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17 July 2014

In the absence of hope the Christian message shines brightest

In the absence of hope the Christian message shines brightest

Rev Eric Foley is the co-founder and CEO of Seoul USA which runs  a range of discipleship and training programmes for North Korean Christians. They are passionate about mobilising western and Asian churches to remember the underground Church of North Korea, and also do direct outreach into North Korea through their radio ministry and balloon launches.

What inspired you to found Seoul USA?

I had been a pastor for 25 years and was consulting more than 1,500 ministries around the world (none related to North Korea). My wife is South Korean and was a fashion designer, and we had a wonderful life in the USA. One night 14 years ago I had a dream in which the Lord showed me that our family would give up everything we had to serve the underground North Korean Church. And God brought it to pass.

Tell us about Seoul USA's work

We live in Seoul, South Korea, which is home to 26,000 North Koreans, eighty per cent of whom maintain regular contact with relatives back home, mainly through illegal mobile phones and couriers. Through our personal discipleship programme Underground Technology we train defectors to grow to fullness in Christ and share their faith with their relatives.

Our Underground University trains North Koreans to reach their people wherever they are found, including the thousands of North Korean contract labourers in Russia, China, Mongolia and the Middle East.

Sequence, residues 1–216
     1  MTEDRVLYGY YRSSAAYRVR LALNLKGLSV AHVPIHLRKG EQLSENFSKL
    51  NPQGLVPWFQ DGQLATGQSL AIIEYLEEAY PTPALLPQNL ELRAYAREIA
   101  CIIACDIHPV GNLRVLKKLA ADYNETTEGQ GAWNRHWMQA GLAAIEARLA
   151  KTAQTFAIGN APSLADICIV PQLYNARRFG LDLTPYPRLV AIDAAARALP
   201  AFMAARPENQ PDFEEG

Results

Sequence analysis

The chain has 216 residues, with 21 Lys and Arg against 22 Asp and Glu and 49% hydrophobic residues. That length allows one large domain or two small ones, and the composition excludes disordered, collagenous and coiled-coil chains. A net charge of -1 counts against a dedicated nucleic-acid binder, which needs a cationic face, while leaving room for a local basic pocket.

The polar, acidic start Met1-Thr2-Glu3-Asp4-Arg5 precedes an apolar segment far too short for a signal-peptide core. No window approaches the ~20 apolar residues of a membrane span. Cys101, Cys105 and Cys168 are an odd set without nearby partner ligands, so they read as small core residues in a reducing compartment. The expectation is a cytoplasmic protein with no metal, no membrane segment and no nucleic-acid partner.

The suicide rate among defectors in South Korea is extremely high (16.3per cent), meaning the most dangerous place for a North Korean Christian to live is Seoul. The main problem is loneliness, so with our partners Release International we facilitate relationships meaning North Korean Christians can build friendships and connect with Christians across the world. We let them know they have a role to play in God's great story, and this is really transformative.

Is your ministry dangerous?

Our balloons filled with the Christian message are considered missiles, and representatives from the military and police attend when we launch them across the border. Our underground radio broadcasts are always targeted as they are more comprehensible than most programmes. This is because we use North Korean announcers, whereas most stations use South Koreans (despite the dialect being 40 per cent divergent). We have to carefully guard people's identities as North Korea is always eager to find out who our announcers are, and families inside can be punished by association.

How is God working in North Korea?

In North Korea we see a lot of healings, and God often works through ministry to those who are dying. Thirty thousand of North Korea's 100,000 Christians are in camps, but the government has recently recognised that this is counterproductive, because in the absence of hope the Christian message shines brightest. North Koreans have always regarded the camps as part of their mission field. Now we find the government is executing Christians more frequently or placing them in Christian-only sections so they cannot interact with others in the camps.

How do Christians evangelise in North Korea?